The first point raises an interesting question for Optimism: How long can the sequence of rewards go on, and how many different behaviors can be rewarded productively over time? If, for example, delegation continues to be rewarded, this may incentivize adversarial rewards harvesters to delegate mindlessly and crowd out the prosocial behavior across the ecosystem. Optimism can seek to change what kinds of prosocial behaviors are rewarded, but there are only so many observable components to governance participation. We look forward to further discussion on these considerations in the comments section!
Fortunately, there’s an open design space for addressing some of these potential concerns and continually iterating and experimenting with new ideas. In fact, in the time since we began analyzing airdrop 2, airdrop 3 has already been implemented and improves on some of the critiques of airdrop 2 (eg., providing on average higher reward amounts). In future airdrops, it might be interesting to experiment with Incorporating non-transferable reputation, or social rewards (e.g., an “I Voted” ERC-5114 token) to overcome concerns about mindless reward harvesting, or dumping and exiting.
To summarize, there are two big takeaways from our analysis:
- Announcing an airdrop that explicitly rewards a certain type of governance participation (i.e., delegation) causes many addresses to delegate further in anticipation of future rewards.
- The particular addresses that received bigger rewards for past delegation reacted by delegating more – this could be some combination of anticipating future rewards as well as some deeper sense of ownership of the project.
We think a large part of what is driving these positive findings is the fact that there is 1) a promise of future rewards (this is not a one-off instance), 2) the tokens give people a larger stake in the project (via governance power), 3) there’s a broader ecosystem emphasis and culture of promoting public goods and prosocial behavior, 4) the quasi-random, retroactive reward criteria which made this harder to game, and 5) focusing specifically on rewarding past governance behavior in hopes of incentivizing future governance behavior. These characteristics might serve as a model for other projects seeking to successfully design airdrop incentives for community engagement.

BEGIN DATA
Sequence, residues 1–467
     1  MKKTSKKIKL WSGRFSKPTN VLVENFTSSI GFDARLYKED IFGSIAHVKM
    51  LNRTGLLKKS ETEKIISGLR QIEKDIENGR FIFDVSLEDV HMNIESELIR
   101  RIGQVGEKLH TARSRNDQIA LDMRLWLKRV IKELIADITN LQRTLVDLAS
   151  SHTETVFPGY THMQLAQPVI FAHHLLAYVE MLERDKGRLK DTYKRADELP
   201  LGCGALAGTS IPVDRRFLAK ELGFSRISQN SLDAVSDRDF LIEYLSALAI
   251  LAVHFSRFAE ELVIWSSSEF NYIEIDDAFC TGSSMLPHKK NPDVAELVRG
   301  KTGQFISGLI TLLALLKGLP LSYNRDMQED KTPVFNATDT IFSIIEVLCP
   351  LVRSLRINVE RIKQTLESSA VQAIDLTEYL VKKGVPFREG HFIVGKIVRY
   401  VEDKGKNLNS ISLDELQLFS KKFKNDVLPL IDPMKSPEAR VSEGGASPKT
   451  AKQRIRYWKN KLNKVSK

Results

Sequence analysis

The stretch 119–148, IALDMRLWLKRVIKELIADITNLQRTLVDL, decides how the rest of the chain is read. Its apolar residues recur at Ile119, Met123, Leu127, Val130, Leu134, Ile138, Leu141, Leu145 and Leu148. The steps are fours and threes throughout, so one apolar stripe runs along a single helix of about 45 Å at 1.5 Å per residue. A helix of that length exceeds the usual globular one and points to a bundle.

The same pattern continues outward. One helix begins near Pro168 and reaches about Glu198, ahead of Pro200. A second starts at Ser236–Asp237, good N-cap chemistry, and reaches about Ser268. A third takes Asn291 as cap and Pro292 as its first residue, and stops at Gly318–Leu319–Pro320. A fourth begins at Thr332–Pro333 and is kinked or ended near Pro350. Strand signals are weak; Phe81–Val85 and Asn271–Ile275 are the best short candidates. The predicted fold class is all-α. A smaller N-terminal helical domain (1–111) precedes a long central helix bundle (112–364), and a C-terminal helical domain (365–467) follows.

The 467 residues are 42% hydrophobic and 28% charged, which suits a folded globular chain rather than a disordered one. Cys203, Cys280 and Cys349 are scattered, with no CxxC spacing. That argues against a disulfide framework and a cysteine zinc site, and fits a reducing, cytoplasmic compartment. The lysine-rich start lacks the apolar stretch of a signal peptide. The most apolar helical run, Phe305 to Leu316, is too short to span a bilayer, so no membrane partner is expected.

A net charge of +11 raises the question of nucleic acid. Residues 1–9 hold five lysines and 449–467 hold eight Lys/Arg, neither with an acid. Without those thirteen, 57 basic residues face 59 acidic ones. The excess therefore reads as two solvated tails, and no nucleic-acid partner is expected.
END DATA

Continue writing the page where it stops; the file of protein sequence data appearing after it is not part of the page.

Finally, this raises some interesting questions for the future:
- Is this cost effective? We know that giving out token rewards in airdrop 2 led to more delegation, but only time will tell if the amount of rewards distributed maps to meaningful, sustained governance participation.
- Do you need to change the activities rewarded in future airdrops? We know that airdrop 2 successfully created incentives for people to delegate more tokens looking ahead to the future, but if all future airdrops continue to reward the same action, will it encourage mindless delegating that doesn’t translate into meaningful governance participation?
- How would you decentralize this process in the future while maintaining its efficacy? We know that the retrospective, surprising aspect of the airdrop 2 announcement was able to change behavior and encourage delegation, but in the future, we will want to be able to create similar incentives without having to rely on a central actor to design the airdrop and announce it.